A 75-year-old white male presented as a new patient in January 2009. He was recently diagnosed with glaucoma by his previous eye-care provider and was being medicated with one drop Travatan (travoprost, Alcon) h.s. O.U. as well as 0.5% timolol every morning.

He underwent uncomplicated bilateral cataract surgery in 2005. The patients history also suggested that he was monitored for suspicious optic nerves for several years before beginning therapy in the summer of 2008.

His systemic medications included lisinopril for hypertension. The patient reported no known drug allergies.

Diagnostic Data

Best-corrected visual acuity measured 20/25- O.D. and 20/20- O.S. through hyperopic, astigmatic and presbyopic correction. His pupils were equally round and reactive to light and accommodation, with no afferent pupillary defect. Extraocular muscles were full in all positions of gaze.

On initial presentation, a slit lamp examination of his anterior segments appeared unremarkable. Mild corneal arcus and scattered guttatae were present O.U. Intraocular pressure measured 12mm Hg O.D. and 13mm Hg O.S. Pachymetry readings were 526m O.D. and 507m O.S.

Through dilated pupils, his
posterior chamber intraocular lenses were well centered in the capsular bags, and the posterior capsules were essentially clear O.U. His optic nerves measured 0.40 x 0.50 O.D. and 0.55 x 0.70 O.S. His inferior temporal retinal rims were thinner O.S. than O.D. Both maculae were characterized by retinal pigment epithelium (RPE) granulation and drusen that centered in the foveal avascular zone (FAZ), O.D. greater than O.S. The maculopathy was consistent with his best-corrected visual acuities. There was a small epiretinal membrane (ERM) located outside of the FAZ O.S.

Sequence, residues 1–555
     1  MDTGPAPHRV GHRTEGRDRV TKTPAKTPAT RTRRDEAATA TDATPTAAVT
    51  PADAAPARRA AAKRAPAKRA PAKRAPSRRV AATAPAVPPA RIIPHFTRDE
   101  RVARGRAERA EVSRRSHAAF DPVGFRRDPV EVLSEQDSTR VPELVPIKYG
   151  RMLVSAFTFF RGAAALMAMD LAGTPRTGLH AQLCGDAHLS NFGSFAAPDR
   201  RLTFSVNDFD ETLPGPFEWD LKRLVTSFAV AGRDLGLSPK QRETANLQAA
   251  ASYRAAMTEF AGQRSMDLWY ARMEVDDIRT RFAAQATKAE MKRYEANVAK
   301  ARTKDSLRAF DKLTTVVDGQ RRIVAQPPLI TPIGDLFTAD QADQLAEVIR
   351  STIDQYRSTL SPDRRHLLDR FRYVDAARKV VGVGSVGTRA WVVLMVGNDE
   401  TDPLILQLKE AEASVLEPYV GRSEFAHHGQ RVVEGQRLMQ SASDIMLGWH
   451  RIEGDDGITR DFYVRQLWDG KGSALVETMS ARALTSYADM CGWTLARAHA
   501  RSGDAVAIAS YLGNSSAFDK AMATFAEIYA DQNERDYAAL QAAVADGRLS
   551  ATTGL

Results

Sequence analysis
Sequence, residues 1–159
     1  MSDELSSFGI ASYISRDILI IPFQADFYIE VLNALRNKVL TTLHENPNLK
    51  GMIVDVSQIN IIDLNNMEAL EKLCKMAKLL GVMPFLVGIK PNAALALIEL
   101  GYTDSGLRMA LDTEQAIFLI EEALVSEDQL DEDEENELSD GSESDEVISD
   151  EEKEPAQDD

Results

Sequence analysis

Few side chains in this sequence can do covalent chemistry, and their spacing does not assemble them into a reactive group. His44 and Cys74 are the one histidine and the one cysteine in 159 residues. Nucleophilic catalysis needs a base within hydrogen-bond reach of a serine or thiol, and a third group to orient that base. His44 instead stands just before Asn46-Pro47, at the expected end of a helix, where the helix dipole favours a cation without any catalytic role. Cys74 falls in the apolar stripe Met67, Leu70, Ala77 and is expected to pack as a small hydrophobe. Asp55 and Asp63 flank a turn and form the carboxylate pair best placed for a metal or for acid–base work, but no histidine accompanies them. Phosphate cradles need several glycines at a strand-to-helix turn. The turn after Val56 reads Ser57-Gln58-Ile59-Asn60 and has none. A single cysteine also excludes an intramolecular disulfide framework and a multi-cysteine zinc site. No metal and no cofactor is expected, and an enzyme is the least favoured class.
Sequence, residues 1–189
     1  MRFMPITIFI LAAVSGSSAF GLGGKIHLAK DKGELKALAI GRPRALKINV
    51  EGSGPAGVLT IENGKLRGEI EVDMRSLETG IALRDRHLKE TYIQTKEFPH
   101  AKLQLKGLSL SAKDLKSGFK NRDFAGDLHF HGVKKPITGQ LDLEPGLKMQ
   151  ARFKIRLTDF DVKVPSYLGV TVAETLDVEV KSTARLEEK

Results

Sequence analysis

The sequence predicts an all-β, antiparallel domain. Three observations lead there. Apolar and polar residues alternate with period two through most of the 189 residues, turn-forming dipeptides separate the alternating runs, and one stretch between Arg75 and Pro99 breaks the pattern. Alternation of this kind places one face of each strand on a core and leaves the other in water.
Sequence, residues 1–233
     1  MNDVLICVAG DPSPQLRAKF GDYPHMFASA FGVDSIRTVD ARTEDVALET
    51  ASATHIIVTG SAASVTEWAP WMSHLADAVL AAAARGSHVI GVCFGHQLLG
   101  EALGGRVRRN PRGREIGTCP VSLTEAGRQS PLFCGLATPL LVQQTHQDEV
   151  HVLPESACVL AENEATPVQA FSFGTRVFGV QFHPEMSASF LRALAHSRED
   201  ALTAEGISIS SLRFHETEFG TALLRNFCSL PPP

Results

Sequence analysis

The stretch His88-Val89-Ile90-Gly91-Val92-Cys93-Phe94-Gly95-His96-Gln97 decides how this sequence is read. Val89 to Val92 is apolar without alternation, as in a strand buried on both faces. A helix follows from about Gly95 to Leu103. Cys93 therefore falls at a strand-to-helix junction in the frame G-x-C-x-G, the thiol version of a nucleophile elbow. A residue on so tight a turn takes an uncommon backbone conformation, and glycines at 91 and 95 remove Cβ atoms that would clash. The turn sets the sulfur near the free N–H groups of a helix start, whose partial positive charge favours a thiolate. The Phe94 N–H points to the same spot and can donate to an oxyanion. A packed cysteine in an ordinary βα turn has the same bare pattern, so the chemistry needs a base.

His vascular examination was unremarkable. His peripheral retinal exam was consistent with 360 of pigmented microcystoid O.U., with scattered areas of pavingstone. There were no holes or tears O.U.; however, the patient demonstrated bilateral posterior vitreous

I asked the patient to continue his current ophthalmic medication regimen and return in one month for further evaluation. Also, I requested a copy of his previous eye care records.

At one month, we performed Heidelberg Retina Tomography-3 (HRT-3), optic nerve imaging, gonioscopy, threshold white-on-white (WOW) perimetry and tomometry. At this visit, intraocular pressure measured 11mm Hg O.U. Gonioscopy demonstrated IV+ open angles, with grade I trabecular pigmentation O.U. No iris or angle abnormalities were present.

HRT-3 imaging confirmed the asymmetrically thin neuroretinal rims, and Moorfields regression analysis flagged several sectors of each optic nerve as abnormalmost notably the inferior temporal aspects of each rim. Threshold WOW perimetry demonstrated a superior arcuate defect O.D. with nasal step, and a denser superior arcuate defect O.S. that involved fixation (figures 1 and 2).

Given the current clinical picture, I established his target IOP at 12mm Hg to 14mm Hg O.U. Because the patient was nearly at target IOP, I asked him to continue his current medications and return for follow-up in three months for a standard glaucoma visit in conjunction with a flicker-defined form visual field testing.

1, 2. Standard white-on-white (WOW) perimetry results of our patient (O.D. top, O.S. bottom). Note the amount of visual field loss.

Evaluation of visual fields is one of the most frustrating aspects of glaucoma management from the perspective of both the patient and the clinician. Visual field studies often yield varied results that are difficult to reproduce because of patient fatigue and other associated subjective factors.